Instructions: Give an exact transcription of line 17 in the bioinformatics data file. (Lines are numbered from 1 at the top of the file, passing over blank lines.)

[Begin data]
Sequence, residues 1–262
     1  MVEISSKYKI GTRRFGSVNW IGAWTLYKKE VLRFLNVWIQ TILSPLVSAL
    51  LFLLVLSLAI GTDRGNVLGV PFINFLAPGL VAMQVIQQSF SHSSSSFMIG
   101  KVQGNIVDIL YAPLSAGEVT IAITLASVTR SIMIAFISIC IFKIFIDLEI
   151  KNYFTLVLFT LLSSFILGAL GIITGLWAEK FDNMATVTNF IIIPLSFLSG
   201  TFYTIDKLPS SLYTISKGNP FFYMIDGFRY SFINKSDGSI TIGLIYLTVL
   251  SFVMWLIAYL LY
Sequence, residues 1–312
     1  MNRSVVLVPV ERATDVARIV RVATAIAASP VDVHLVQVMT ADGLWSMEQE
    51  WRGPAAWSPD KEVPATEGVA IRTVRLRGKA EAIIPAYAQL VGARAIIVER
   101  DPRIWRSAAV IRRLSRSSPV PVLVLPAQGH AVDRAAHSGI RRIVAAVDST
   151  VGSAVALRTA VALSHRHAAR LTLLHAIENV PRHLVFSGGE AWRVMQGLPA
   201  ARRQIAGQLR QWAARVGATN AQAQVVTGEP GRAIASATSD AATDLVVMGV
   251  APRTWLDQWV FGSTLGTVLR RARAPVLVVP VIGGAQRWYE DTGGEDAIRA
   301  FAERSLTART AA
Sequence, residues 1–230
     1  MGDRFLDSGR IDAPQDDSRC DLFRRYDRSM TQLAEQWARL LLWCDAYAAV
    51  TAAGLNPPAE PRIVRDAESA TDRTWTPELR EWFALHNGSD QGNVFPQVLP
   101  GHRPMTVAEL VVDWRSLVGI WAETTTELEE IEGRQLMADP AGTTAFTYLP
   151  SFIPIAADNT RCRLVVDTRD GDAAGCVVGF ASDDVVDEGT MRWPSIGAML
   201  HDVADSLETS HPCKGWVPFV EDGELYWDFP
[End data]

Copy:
     1  MGDRFLDSGR IDAPQDDSRC DLFRRYDRSM TQLAEQWARL LLWCDAYAAV